Building Homes for a Greener Future: 3 Tips for Eco-Friendly Construction

Here are some ways and some eco-friendly materials to construct the perfect sustainable and biodiverse home.

According to BBN Times, one of the most important aspects of eco-friendly construction is energy efficiency. Energy-efficient technologies and principles stretch far beyond the occasional solar panel nowadays. With the advent of heat pumps and other energy-efficient technology breaking ground, incorporating it into your home build has always been challenging. 

1. Passive solar 

“Passive solar” is one of a home’s first energy-efficiency principles. When building your home, its positioning to the sun and the positioning of the rooms within the structure are crucial. 

You should position your building’s north-facing axis, include the day-use rooms on this northern wall, and use the sun’s positioning most effectively. Windows should be double-glazed to maximize heat gathered during the day. Good insulation practices should also be used, including placing insulation outside the thermal mass. 

2. Smart Technology 

Smart technology is coming in leaps and bounds within the home, from smart TVs to things that save you energy, like smart plugs and smart appliances that tell you when you’re using the most energy or if your fridge door has accidentally been left open. Other eco-friendly smart tech includes low-flow showerheads that use less water (1.5 gallons per minute) without compromising that clean feeling.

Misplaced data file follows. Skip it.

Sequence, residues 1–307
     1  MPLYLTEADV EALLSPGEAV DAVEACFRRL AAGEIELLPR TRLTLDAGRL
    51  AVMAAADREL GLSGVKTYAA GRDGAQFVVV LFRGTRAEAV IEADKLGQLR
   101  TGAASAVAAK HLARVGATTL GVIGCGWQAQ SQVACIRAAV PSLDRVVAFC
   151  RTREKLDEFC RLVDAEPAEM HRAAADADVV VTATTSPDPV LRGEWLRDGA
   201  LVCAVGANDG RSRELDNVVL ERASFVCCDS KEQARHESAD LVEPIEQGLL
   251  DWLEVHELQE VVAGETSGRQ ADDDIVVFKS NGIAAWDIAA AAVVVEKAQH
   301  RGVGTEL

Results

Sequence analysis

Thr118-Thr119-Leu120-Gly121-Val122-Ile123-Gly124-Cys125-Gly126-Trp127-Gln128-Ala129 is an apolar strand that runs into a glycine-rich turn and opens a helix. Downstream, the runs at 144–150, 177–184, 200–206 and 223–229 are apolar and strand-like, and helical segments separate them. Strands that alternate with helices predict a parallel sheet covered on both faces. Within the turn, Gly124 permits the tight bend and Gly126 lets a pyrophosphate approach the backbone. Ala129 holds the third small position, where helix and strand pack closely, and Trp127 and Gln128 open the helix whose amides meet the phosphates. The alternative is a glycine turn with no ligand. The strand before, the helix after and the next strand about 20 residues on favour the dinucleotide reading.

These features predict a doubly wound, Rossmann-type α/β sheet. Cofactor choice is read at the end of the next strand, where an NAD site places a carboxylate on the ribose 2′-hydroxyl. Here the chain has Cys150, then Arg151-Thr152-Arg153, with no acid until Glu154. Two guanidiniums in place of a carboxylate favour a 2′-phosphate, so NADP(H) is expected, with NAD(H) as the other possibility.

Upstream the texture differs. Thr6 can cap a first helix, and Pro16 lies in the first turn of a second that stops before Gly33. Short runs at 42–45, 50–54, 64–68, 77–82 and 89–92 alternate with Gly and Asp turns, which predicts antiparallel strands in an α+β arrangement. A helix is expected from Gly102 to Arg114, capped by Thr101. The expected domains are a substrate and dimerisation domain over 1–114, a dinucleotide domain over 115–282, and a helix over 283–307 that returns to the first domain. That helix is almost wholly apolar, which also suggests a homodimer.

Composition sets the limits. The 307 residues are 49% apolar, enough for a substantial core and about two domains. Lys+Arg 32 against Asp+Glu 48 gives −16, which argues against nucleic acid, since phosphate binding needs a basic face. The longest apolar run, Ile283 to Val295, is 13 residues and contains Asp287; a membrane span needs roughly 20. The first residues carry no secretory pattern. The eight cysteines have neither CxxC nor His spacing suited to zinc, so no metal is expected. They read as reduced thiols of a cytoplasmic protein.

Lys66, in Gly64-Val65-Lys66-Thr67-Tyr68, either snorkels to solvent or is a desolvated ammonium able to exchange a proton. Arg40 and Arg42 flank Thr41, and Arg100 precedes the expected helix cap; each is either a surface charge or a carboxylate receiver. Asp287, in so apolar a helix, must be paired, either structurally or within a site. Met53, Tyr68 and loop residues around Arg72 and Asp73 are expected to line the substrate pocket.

If you water your gardens or lawn, smart tech can also analyze weather systems and conserve water usage during rainy seasons while timing sprayers during the day when the weather is hottest or at a set time. These are controlled via control units and Wi-Fi connections within the home via applications on your phone. 

3. LED Lighting 

You may not think of suitable old LEDs as environmentally friendly, but they are some of the most environmentally-friendly lighting systems out there! LEDs convert 95% of their energy into light, meaning that you only lose 5% as heat. 

This high conversion rate means that LED lights require less energy overall to produce light. LED lighting tends to be more expensive initially than incandescent lights but has an almost 50 times greater lifespan. 

Building energy efficiency into a home initially will mean spending more money upfront. However, the return on investment (depending on the scale of the investment) could be as little as 51 months or less than five years. 

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